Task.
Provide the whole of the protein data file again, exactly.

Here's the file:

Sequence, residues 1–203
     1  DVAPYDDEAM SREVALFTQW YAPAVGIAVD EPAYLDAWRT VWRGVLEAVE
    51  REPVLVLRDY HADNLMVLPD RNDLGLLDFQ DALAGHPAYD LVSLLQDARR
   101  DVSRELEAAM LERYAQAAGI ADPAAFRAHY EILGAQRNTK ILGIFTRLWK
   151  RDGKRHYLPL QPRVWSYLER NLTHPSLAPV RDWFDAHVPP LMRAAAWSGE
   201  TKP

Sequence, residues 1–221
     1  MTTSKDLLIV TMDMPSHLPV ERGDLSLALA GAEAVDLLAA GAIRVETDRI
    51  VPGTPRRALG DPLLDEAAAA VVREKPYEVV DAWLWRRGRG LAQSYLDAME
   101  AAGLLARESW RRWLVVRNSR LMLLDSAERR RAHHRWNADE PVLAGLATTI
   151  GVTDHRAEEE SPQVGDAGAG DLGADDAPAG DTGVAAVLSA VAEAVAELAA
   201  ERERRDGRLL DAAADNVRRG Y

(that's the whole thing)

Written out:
Sequence, residues 1–203
     1  DVAPYDDEAM SREVALFTQW YAPAVGIAVD EPAYLDAWRT VWRGVLEAVE
    51  REPVLVLRDY HADNLMVLPD RNDLGLLDFQ DALAGHPAYD LVSLLQDARR
   101  DVSRELEAAM LERYAQAAGI ADPAAFRAHY EILGAQRNTK ILGIFTRLWK
   151  RDGKRHYLPL QPRVWSYLER NLTHPSLAPV RDWFDAHVPP LMRAAAWSGE
   201  TKP

Sequence, residues 1–221
     1  MTTSKDLLIV TMDMPSHLPV ERGDLSLALA GAEAVDLLAA GAIRVETDRI
    51  VPGTPRRALG DPLLDEAAAA VVREKPYEVV DAWLWRRGRG LAQSYLDAME
   101  AAGLLARESW RRWLVVRNSR LMLLDSAERR RAHHRWNADE PVLAGLATTI
   151  GVTDHRAEEE SPQVGDAGAG DLGADDAPAG DTGVAAVLSA VAEAVAELAA
   201  ERERRDGRLL DAAADNVRRG Y